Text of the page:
Scripture: Philippians 2.3-5
Do nothing out of selfish ambition or vain conceit. Rather, in humility value others above yourselves, not looking to your own interests but each of you to the interests of the others. In your relationships with one another, have the same mindset as Christ Jesus.
Reflection: Fasting and Feasting
By John Tillman
The one biblical feast most Christians know about is Passover or Pesach. This celebration is a combination of fasting and feasting. Families abstained from specific ingredients and indulged in others. Modern Jewish Seders are large, celebratory meals intended to be shared with guests and specifically the poor.
Christians have stripped this feast down to a cracker and a thimble.
This isn’t to say Christians have completely abandoned feasting. Liturgical churches designate many feasts and times of fasting throughout the year. Evangelicals have not completely abandoned feasting or fasting but have abandoned any structure or organization to their observance.
However, many Christians still don’t think of “feasting” as a holy activity. As much as we love potluck suppers and dinner-on-the-grounds, they are rarely held up as anything other than a social event. Even when meals are institutionally celebrated feasts, Christians of all denominations tend to speak of these celebratory meals with apologetic tones. Many an honored deacon or pastor has publicly prayed, “Lord, bless our bodies despite that of which we are about to partake.”
We shouldn’t flagellate ourselves much for misunderstanding and misinterpreting feasting and fasting. They have always been topics of controversy and religious struggle.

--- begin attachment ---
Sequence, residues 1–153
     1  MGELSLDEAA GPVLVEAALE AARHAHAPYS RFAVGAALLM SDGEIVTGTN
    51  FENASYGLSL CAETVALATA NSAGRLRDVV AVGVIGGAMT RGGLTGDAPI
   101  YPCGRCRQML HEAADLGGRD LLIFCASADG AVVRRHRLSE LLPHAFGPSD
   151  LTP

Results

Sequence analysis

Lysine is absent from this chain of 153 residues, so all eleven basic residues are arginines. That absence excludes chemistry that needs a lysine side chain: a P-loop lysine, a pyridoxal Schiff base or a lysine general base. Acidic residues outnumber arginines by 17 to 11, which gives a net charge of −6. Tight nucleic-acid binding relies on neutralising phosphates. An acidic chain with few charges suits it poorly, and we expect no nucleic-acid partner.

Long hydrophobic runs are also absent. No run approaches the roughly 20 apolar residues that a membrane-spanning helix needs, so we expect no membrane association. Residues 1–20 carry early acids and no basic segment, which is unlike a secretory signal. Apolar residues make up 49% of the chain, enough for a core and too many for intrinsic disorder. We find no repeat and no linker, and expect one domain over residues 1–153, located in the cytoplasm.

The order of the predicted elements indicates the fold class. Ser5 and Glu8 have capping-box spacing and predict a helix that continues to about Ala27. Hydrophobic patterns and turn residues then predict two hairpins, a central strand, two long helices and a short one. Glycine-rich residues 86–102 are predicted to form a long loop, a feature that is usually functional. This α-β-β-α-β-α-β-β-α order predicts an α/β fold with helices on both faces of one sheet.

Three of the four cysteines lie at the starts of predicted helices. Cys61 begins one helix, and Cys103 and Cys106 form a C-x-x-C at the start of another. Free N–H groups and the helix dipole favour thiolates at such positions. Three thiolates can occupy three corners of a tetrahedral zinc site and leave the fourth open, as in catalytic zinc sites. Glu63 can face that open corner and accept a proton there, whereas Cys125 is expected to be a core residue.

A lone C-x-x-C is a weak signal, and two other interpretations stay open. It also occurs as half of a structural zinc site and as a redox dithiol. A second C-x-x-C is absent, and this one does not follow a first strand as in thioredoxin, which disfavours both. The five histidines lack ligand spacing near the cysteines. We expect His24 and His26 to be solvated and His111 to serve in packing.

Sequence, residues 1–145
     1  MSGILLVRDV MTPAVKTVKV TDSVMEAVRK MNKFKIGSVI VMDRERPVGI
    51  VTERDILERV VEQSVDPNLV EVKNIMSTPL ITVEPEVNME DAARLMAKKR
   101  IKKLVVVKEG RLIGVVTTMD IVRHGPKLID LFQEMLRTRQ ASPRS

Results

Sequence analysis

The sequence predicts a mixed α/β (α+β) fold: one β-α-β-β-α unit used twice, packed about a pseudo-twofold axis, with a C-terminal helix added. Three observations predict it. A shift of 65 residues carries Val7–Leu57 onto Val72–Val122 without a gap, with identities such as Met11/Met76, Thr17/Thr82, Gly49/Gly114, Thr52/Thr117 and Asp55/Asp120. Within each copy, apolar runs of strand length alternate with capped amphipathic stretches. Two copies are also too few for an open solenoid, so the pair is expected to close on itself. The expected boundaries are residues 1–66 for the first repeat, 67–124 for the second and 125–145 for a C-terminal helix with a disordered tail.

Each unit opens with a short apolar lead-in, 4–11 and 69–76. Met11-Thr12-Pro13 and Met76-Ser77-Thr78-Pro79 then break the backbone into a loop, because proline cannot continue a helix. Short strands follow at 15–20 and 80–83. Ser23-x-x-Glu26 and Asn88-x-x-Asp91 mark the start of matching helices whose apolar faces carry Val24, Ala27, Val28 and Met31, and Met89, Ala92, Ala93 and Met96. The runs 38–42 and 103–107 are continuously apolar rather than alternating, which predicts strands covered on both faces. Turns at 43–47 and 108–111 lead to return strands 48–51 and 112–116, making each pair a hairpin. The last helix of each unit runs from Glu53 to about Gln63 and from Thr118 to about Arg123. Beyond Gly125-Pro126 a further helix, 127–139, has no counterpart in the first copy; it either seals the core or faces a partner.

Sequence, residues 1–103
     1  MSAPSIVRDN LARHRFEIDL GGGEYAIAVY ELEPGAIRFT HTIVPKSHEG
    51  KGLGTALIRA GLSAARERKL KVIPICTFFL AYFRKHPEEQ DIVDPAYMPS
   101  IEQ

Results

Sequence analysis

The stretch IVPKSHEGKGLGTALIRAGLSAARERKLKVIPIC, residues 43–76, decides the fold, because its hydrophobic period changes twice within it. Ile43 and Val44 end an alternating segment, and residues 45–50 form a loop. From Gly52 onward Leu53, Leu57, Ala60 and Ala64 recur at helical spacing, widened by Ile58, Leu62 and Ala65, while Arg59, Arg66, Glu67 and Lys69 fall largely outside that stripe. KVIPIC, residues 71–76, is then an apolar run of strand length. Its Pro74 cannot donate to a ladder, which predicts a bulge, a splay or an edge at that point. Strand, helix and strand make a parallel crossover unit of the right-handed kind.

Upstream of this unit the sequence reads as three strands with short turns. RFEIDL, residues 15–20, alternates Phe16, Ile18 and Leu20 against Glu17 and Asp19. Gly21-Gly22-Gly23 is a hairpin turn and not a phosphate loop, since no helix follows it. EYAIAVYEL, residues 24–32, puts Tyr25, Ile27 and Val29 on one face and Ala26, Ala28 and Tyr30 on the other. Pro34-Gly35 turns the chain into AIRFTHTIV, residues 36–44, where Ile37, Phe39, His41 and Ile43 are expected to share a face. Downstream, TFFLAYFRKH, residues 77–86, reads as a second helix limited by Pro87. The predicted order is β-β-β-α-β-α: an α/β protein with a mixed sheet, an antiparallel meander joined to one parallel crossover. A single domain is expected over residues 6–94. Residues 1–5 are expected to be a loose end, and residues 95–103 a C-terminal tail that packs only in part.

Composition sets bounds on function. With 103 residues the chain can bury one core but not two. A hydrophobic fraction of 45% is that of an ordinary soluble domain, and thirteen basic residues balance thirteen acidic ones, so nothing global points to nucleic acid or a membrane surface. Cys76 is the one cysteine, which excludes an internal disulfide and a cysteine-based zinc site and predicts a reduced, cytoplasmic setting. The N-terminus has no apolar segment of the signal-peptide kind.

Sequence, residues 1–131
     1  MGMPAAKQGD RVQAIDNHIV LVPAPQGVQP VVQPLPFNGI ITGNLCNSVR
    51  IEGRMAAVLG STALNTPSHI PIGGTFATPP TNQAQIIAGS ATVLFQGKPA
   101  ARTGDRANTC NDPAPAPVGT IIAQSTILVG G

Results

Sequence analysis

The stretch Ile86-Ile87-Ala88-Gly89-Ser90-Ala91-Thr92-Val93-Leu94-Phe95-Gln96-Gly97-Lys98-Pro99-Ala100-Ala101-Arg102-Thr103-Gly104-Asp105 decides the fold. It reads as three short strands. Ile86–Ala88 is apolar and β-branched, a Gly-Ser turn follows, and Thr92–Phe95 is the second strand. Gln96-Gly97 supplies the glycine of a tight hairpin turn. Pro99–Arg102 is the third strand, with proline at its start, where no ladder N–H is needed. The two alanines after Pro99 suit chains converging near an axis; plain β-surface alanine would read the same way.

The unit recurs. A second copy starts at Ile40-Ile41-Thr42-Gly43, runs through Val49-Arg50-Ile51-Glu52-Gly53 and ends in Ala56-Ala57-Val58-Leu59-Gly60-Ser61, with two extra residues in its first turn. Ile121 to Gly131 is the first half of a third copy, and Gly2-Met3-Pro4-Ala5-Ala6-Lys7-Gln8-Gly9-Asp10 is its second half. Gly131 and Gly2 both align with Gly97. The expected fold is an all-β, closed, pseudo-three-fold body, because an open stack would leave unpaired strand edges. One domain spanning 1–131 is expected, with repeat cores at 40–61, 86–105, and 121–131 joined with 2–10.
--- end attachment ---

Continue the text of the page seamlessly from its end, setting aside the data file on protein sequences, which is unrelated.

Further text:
John the Baptist came fasting and Jesus came feasting, and both faced harsh critique. John was damned for doing it and Jesus was damned because he didn’t.
Many of the condemnations of the biblical prophets concern violations of the spirit of, if not the actual practice of, the festivals and feasts that God had established.
Like the Israelites’ celebrations, which went from being a trumpeted memorial before God to being something God despised, our fasting and feasting can easily become meaningless rituals that make us feel good about ourselves but are despised by God.
To prevent this we can’t allow the purpose of these observances to become obscured by the details of their practice. To do so robs them of any spiritual power.
Whenever there is a form devoid of spiritual power, law will take over because law always carries with it a sense of security and manipulative power. — Richard Foster
As we engage in feasting or fasting, during the season of Lent and beyond, may we not grow secure in legalistic, moralistic rules, but stay insecure, relying on God and seeking him more fervently than legalistic perfection.
Prayer: A Reading
Just at this time, some Pharisees come up. “Go away,” they said. “Leave this place because Herod means to kill you.” He replied, “You may go and give that fox this message: Look! Today and tomorrow and the next day I must go on since it would not be right for a prophet to die outside Jerusalem.” — Luke 13.31-33
– Prayer from The Divine Hours: Prayers for Springtime by Phyllis Tickle.